Record-breaking temperatures and months of severe drought have fuelled a series of bushfires across the country, with the south east affected particularly badly. At least 24 people have been killed so far and more than 6.3 million hectares of bush and forest have been burned.
In the short term, wine organisations are encouraging people to support relief funds as the fire season continues. Longer term plans will be to help affected wineries recover, as well as boosting wine tourism.
Fire affected regions
In some regions of South Australia, New South Wales, Victoria and Queensland, individual vineyards and vineyards have suffered ‘devastating damage’ which will take years to recover from, explained Andreas Clark, CEO, Wine Australia.
However, he says it is also important to keep the impact of the fires in context.
“Australia is a very large country with wine regions spread across it from the eastern seaboard right across to the west. Most fires have been in heavily forested areas or National Parks.
“While the toll on individuals cannot be underestimated and should not be downplayed, a review of fire maps suggests a maximum of around 1,500 hectares of vineyards fall within the fire affected regions to date. Even if all those vineyards were fire damaged – and they are not – it would only be about 1% of Australia’s total vineyard area.”
Clark says the wine sector will draw together to provide support and advice to those affected by the fires.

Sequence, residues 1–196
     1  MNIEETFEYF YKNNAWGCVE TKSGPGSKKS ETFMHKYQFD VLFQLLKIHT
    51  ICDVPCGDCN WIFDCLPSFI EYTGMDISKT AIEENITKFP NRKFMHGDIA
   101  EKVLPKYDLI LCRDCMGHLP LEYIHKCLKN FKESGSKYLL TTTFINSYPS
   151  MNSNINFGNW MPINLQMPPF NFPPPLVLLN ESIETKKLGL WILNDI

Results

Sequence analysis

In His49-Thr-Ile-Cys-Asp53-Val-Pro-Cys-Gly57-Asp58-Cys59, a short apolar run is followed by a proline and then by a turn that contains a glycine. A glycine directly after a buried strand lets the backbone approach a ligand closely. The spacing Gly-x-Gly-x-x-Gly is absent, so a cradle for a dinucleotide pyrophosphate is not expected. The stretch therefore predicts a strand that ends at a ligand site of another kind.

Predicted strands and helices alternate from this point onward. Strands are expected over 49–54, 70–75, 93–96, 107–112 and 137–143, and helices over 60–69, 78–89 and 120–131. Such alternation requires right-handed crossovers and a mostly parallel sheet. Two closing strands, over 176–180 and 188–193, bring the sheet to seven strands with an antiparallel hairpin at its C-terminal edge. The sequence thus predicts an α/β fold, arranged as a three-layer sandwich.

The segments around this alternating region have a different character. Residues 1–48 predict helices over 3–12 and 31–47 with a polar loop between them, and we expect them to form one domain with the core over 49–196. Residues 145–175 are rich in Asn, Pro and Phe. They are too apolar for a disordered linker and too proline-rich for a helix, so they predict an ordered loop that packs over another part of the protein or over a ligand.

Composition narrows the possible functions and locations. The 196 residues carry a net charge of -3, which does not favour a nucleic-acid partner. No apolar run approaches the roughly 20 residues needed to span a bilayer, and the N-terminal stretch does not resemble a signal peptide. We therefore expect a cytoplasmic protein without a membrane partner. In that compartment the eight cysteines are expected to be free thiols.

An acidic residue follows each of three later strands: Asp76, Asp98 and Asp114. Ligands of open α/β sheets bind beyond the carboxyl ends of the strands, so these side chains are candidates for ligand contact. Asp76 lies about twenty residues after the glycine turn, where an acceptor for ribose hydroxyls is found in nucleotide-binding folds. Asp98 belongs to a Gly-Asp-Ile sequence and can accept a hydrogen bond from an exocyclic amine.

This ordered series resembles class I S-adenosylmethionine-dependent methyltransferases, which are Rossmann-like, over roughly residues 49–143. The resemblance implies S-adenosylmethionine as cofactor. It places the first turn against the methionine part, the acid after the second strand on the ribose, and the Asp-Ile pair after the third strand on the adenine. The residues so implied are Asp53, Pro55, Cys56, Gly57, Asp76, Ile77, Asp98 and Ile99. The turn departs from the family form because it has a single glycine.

“Sadly, it is not the first nor the last time that Australia has dealt with bushfires. What we have seen in the past and no doubt will again in the future is an astonishing generosity where people have donated grapes and labour to assist their neighbours and friends to recover.”
‘Australia is hurting from the fires, but we are open for business’
Wine Australia, Australian Grape & Wine and the Australian Wine Research Institute are co-ordinating both short-term and longer-term responses to the bushfires: backed by the Federal Government and regional wine agencies.
“Responses must include relief for those directly impacted, including those growers who might not be able to sell smoke-affected grapes,” said Tony Battaglene, chief executive, Australian Grape & Wine.
“In the medium term we must look to strengthen regional tourism and bring people back to the regions.
“Our message is that Australia is hurting from the fires, but we are open for business. We need donations to the relief funds, support for our emergency services, and consumers to buy our wine and visit our regions. It is important to note that the fire season is not over and our temporary relief may not last.